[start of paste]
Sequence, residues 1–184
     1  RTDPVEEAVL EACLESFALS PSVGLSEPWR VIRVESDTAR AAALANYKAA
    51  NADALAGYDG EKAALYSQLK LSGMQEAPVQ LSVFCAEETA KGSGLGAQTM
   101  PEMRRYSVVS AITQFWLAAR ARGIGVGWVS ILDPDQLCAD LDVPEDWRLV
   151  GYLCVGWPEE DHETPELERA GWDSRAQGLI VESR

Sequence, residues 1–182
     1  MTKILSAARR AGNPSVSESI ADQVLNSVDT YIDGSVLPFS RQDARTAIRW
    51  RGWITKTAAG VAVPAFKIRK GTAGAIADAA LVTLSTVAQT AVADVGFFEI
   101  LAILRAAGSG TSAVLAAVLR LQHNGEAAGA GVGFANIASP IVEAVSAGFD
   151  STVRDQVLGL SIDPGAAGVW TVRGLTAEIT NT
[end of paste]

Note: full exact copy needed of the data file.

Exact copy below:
Sequence, residues 1–184
     1  RTDPVEEAVL EACLESFALS PSVGLSEPWR VIRVESDTAR AAALANYKAA
    51  NADALAGYDG EKAALYSQLK LSGMQEAPVQ LSVFCAEETA KGSGLGAQTM
   101  PEMRRYSVVS AITQFWLAAR ARGIGVGWVS ILDPDQLCAD LDVPEDWRLV
   151  GYLCVGWPEE DHETPELERA GWDSRAQGLI VESR

Sequence, residues 1–182
     1  MTKILSAARR AGNPSVSESI ADQVLNSVDT YIDGSVLPFS RQDARTAIRW
    51  RGWITKTAAG VAVPAFKIRK GTAGAIADAA LVTLSTVAQT AVADVGFFEI
   101  LAILRAAGSG TSAVLAAVLR LQHNGEAAGA GVGFANIASP IVEAVSAGFD
   151  STVRDQVLGL SIDPGAAGVW TVRGLTAEIT NT